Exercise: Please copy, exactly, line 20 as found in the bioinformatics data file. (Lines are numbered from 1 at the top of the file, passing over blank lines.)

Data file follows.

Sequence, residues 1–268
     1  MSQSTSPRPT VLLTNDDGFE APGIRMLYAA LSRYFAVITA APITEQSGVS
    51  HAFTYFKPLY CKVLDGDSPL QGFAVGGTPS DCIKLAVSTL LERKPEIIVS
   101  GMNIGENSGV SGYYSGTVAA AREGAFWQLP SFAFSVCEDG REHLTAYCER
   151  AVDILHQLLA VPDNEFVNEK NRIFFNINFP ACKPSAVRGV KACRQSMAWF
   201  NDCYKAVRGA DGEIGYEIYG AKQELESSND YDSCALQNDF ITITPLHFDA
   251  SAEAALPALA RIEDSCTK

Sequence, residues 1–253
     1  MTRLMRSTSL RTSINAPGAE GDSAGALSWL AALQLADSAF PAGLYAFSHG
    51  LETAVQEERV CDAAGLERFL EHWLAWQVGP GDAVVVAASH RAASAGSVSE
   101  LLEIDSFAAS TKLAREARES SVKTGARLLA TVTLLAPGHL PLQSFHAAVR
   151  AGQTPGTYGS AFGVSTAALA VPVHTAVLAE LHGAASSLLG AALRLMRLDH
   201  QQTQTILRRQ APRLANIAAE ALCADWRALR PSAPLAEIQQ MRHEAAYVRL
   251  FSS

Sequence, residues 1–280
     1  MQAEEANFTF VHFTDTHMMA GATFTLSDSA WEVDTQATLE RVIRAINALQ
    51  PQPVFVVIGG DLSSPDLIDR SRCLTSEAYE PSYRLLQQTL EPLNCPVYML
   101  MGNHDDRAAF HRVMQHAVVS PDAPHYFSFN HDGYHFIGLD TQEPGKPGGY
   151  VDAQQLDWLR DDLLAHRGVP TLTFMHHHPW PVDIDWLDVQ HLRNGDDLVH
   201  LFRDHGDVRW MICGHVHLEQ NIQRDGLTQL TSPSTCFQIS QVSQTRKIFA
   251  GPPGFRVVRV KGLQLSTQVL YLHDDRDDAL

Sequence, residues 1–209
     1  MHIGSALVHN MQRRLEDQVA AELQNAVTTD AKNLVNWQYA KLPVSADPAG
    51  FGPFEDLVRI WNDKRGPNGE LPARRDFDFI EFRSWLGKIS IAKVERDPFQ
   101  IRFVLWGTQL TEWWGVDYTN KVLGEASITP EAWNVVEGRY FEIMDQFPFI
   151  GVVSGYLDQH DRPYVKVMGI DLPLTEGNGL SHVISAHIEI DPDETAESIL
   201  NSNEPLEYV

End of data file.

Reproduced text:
   201  LFRDHGDVRW MICGHVHLEQ NIQRDGLTQL TSPSTCFQIS QVSQTRKIFA